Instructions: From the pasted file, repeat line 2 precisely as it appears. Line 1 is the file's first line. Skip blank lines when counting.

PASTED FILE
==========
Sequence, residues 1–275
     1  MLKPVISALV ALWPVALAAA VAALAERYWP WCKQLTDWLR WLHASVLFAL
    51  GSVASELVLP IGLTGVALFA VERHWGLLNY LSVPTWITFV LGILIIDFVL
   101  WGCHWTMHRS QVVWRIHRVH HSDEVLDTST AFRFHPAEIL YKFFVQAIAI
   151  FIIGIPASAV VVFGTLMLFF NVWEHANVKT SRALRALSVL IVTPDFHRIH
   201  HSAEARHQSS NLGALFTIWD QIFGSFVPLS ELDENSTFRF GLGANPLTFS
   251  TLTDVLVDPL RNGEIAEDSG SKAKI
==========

     1  MLKPVISALV ALWPVALAAA VAALAERYWP WCKQLTDWLR WLHASVLFAL